The Go-Ahead Group transports over a billion passengers on its buses and trains
The Go-Ahead Group transports over a billion passengers on its buses and trains

Go-Ahead transports more than a billion passengers on its trains and buses each year, including 1,800 London buses and some 30 percent of UK rail journeys.

David Lynch, group technology and procurement director at Go-Ahead, along with his team of 50 IT specialists, is responsible for technology investments across the organisation with a variety of solutions provided. The challenge is to ensure that his information security budget is well invested. “Organisations spend a lot on business continuity and security. I need to prove that I am spending the company budget wisely,” says Lynch.

As a level 1 merchant of travel tickets, often bought online with credit cards, Go-Ahead has to comply with the Payment Card Industry Data Security Standards (PCI DSS), including the new 3.0 terms, and has to have regularly scheduled audits with a PCI qualified security assessor (QSA).

Lynch spoke to RandomStorm, a PCI QSA, about how he could ensure that the security detection and protection products he deployed were being used to their full potential.

Combining requirements for ongoing monitoring of the enterprise security status with Lynch's love of football,
RandomStorm designed a Security League Table demonstrating the comparative performance of different areas of Go-Ahead's IT estate.

“One of the issues regularly cited by QSAs is that they go in and run a penetration test for a merchant and produce a report highlighting the vulnerabilities on merchant networks,” explains Robin Hill, co-founder of RandomStorm. “Then they go back six or 12 months later and nothing has been done to fix those earlier vulnerabilities.”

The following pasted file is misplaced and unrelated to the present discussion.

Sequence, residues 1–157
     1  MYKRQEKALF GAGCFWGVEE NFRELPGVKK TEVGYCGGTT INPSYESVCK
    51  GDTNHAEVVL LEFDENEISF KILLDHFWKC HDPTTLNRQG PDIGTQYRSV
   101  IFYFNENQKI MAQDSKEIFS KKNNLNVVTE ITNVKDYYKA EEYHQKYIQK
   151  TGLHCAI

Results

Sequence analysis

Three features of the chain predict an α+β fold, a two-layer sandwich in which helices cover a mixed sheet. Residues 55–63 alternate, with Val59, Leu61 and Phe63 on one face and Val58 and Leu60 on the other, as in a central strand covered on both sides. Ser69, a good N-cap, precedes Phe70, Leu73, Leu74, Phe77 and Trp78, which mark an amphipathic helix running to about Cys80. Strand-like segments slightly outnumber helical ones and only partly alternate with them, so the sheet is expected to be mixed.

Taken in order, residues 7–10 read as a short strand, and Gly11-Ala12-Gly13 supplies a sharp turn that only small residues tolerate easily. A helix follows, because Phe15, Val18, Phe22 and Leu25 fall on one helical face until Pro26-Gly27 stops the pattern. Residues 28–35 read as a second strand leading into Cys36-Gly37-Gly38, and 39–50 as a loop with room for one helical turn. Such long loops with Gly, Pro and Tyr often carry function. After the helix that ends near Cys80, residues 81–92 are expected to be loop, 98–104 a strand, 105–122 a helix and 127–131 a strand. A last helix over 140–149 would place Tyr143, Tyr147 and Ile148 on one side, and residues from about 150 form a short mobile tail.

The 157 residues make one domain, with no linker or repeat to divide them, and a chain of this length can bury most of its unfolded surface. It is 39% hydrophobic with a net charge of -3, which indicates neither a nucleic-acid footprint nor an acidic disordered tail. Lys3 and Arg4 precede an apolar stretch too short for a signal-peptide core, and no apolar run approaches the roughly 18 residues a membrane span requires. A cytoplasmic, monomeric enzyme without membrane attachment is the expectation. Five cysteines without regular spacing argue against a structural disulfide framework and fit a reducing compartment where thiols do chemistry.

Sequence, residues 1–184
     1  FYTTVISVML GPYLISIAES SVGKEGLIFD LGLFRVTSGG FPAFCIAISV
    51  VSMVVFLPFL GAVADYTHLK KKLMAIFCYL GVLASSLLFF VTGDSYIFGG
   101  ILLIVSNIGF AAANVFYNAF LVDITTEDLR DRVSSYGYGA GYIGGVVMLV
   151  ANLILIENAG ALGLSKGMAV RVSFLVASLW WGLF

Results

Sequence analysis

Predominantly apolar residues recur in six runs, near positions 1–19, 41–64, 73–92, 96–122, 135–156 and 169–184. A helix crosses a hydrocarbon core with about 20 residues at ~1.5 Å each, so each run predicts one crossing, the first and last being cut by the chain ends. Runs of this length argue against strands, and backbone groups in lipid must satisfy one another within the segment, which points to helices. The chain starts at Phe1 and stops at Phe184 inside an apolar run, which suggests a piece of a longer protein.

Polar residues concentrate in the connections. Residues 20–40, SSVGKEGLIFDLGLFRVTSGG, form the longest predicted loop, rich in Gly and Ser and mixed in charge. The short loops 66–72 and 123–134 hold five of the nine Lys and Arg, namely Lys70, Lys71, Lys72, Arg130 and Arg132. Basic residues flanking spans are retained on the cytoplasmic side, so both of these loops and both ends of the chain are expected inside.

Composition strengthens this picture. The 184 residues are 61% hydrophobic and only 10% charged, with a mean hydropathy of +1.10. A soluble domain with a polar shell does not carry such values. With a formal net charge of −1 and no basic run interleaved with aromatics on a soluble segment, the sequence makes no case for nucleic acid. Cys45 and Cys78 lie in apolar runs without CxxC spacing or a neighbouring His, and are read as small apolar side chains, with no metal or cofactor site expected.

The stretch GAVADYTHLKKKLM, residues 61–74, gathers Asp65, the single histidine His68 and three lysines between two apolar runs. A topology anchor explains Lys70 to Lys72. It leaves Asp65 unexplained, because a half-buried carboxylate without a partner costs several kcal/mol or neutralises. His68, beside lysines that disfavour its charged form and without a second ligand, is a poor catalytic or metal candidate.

The RandomStorm Management Platform of security monitoring products, including iStorm, was used to develop a Security League Table enabling Lynch to quickly review where vulnerabilities have been identified, which assets are affected and what remedial action is required. Where a highlighted vulnerability has not yet been addressed, such as a misconfigured device or required patch, this will be marked down, pushing that IT domain lower in the League Table.

The League Table is regularly updated with details of the active security issues, and work schedules are generated to address the vulnerabilities highlighted. It also measures ongoing security in-between scheduled audits. “I am amazed that no one else is doing this,” says Lynch. “The League Table identifies where vulnerabilities highlighted by the scans have not yet been repaired and provides IT managers with a schedule of work during the month.”

He cites the protection of the network, prevention of breaches, avoidance of fines and protection of corporate reputation as the key drivers for initiating the Security League Table. The changing nature of attacks means an IT team could be at the top of the league one week and at the bottom the next, explains Lynch.

Another benefit is creating a dialogue between IT staff and non-technical business managers at Go-Ahead to demonstrate where IT is adding value to the business: “The League Table gives the IT teams an opportunity to explain what has happened on the network, what caused it, what it means to the business and what they are going to do about it. IT staff mark why they are bottom of the league and what they are going to do to fix highlighted vulnerabilities,” Lynch says. He adds that IT staff constantly monitor the network perimeter and IP addresses to react to any unauthorised activity.

“I'd rather know about an issue and get people to work on repairing a security hole,” Lynch says. “I am not a great fan of putting a tick in the security compliance box, unless I am certain that I am actually complying. We have to know that we are getting value out of it, and we are.”